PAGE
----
Connect To The Youth In Your Family By Connecting Them To Their Family History

Wednesday, January 29, 2014

Disneyland and Intergenerational Transmission

We've just returned from a family history trip of sorts.  My parents and all of their descendants took off last week for a great trip together to celebrate their return from being abroad for the last 2.5 years.  It was a trick to get everyone's schedules aligned, but we did it--everyone got to come.  And the destination of course was Southern California where my mother grew up and where my Grandparents lived for most of their lives.  Mom and Dad you just finished your commitments away from our family..What are you going to do next?  We're going to Disneyland! 

Me and my little sister with Grandma
and Grandpa on Main Street
Disneyland runs deep in my family like I'm sure it does in many other families.  Once or twice a year when we went to visit my Maternal Grandparents, we always had to make the trip to Disneyland.  My Grandmother had Multiple Sclerosis and was in a wheelchair from the time I--the oldest grandaughter--started walking.  So for 30 years my parents visited as often as they could and supported and helped my grandparents as much as they could.  I'm not sure if it was gratitude for my parent's help, or if it was sheer grandfatherhood that made Grandpa take us to Disneyland every time we visited.  But we sure had fun. And as hard as I'm sure it must have been for them, they always came along.  I have such great memories of them there and now it seems like they are there with us.

Not with Uncle Ken,
but Dad and Jenn this time.
So we have long standing traditions at Disneyland.  The teacups has been my favorite forever because my Uncle Ken would take us and spin us so fast we couldn't hold our heads up at all.  (The pink one without the hearts is fastest--in case you didn't know.)  And it wasn't till I was quite a bit older that I figured out what a sordid tale the actual topic of the Pirates of the Caribbean was because growing up I just knew it was my Grandpa's favorite ride.  He would put his arm around me and sing "Yo Ho Yo Ho A Pirate's Life for Me."  Last week, with all of my parent's descendants together in the same boat we sang at the top of our lungs and it felt like Grandpa was there.

But get this:  One of our family's Disneyland traditions actually almost missed me.  Apparently, my sisters all buy churros when they come out of the Haunted House because Grandpa used to always buy them for us while he was waiting with Grandma while we went on the ride.  I do remember that--now that they mention it.  But I didn't have that memory as clearly as they did.  So--thanks to my sisters, I have a fun new tradition to honor my Grandfather with.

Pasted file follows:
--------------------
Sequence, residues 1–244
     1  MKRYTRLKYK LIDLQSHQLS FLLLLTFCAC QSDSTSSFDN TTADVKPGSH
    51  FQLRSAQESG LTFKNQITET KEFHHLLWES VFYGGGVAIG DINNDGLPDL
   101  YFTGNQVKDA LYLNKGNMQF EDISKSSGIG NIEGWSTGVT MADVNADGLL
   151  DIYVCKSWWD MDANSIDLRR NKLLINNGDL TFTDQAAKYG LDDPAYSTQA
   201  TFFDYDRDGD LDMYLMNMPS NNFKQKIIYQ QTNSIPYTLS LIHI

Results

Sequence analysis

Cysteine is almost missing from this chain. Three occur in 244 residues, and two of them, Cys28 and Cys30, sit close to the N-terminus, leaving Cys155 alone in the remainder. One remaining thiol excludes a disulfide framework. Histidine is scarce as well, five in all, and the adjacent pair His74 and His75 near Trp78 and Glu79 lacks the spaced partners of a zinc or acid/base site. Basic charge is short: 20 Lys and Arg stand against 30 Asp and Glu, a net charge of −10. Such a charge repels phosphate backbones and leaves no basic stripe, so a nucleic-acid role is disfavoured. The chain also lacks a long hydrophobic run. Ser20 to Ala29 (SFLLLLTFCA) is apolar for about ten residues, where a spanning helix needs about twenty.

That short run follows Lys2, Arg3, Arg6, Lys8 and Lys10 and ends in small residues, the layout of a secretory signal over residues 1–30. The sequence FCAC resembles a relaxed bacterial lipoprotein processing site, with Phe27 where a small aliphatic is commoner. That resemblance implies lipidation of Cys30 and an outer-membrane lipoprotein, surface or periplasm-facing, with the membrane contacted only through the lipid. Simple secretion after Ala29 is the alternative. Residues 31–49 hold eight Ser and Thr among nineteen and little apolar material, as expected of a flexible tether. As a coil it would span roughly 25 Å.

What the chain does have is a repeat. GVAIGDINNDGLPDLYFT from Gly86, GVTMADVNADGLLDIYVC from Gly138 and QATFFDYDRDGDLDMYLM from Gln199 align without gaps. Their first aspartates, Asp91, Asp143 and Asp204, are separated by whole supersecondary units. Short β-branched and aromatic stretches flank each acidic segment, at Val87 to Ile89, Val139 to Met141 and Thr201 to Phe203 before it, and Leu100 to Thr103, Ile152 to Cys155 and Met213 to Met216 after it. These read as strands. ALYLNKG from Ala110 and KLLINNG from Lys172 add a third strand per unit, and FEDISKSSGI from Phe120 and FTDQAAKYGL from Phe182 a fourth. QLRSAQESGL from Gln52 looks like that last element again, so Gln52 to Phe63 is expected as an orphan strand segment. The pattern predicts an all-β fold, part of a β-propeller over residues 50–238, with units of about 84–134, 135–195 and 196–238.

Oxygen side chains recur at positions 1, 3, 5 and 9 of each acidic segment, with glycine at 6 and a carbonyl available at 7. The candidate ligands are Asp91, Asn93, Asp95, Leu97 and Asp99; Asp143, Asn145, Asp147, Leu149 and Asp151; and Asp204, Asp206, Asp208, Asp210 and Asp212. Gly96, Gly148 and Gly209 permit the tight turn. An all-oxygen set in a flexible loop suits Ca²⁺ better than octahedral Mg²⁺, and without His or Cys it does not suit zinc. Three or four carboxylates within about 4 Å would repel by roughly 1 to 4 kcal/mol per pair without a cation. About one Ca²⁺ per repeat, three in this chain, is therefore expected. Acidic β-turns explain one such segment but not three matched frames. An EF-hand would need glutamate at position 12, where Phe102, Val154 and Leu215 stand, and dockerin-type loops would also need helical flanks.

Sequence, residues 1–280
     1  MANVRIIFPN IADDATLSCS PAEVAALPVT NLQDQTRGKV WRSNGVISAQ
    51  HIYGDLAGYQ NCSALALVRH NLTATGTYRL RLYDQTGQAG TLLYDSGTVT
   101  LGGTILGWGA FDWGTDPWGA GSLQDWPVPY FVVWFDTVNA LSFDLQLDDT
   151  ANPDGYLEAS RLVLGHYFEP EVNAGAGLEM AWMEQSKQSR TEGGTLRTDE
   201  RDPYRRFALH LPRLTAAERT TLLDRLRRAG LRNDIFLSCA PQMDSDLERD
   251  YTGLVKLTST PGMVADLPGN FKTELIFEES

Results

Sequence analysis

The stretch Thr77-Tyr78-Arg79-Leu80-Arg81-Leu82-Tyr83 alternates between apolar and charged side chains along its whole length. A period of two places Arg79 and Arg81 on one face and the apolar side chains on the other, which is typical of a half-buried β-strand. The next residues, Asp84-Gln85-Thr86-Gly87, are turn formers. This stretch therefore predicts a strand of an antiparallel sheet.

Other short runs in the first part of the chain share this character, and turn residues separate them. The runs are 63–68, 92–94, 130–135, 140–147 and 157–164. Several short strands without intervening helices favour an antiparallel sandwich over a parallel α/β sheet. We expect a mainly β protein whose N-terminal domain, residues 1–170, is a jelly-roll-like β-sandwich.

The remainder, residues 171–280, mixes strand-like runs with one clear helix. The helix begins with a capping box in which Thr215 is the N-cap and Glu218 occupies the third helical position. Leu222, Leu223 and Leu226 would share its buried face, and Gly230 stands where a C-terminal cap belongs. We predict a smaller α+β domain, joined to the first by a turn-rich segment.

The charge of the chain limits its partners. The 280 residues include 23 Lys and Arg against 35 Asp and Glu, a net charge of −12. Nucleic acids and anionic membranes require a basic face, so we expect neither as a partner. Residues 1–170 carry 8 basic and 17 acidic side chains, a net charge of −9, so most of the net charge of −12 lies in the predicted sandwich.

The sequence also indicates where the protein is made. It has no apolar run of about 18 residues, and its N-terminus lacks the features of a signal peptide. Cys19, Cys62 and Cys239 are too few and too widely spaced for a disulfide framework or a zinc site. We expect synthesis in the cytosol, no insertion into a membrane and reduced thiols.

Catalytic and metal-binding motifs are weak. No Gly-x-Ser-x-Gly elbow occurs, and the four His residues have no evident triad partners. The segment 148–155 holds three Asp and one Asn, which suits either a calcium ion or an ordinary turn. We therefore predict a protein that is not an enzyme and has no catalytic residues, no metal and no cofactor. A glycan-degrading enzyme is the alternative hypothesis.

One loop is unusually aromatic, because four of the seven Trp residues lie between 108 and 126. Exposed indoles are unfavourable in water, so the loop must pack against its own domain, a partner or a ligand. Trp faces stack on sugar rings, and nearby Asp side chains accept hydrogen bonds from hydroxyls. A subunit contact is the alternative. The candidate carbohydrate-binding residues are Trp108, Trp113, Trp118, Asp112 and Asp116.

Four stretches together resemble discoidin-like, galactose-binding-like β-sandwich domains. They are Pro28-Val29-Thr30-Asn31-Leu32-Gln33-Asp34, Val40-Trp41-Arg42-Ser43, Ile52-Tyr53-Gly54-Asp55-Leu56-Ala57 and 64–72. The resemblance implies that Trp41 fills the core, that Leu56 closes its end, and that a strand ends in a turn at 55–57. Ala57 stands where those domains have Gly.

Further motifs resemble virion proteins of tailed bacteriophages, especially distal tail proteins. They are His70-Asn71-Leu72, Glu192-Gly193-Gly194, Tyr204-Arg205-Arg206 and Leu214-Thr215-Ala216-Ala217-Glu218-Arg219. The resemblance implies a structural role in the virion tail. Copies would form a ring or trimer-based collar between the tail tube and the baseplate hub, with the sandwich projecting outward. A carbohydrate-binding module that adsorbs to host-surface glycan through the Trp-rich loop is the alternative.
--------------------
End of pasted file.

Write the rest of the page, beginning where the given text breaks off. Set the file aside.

Mom photobombing the teenagers--the next generation.
It made me think about what gets transmitted down and what doesn't.  I'm sure there are lots of families with traditions and folklore about Disneyland.  When I was little, they didn't allow food inside the park, but now they do and I suspect it is because there are families like ours that are going to pay $3.75 per churro or eat dinner at the Blue Bayou restaurant no matter what.  Transmitting those traditions are precious--no matter what the cost and it feels so good to be connected to the past and connected to your family.  Good memories are precious, precious things.

So this year we had the youngest (yet) grandchild graduate to where she could drive on the Autopia and she took Grandma for a ride.  I totally remember how cool that was!  And we had to get my sister who is pregnant and having trouble with her sciatic nerve a wheelchair--and though that wasn't fun, it was a real joy to push her around.  We didn't have any trouble finding someone to push her and I'm glad she didn't get a motorized wheelchair.  It was like having Grandma with us there again.  It also got us a great place to view the World of Color--just like we were always happy  to have handicapped parking in front of that old massive parking lot because of Grandma's wheelchair.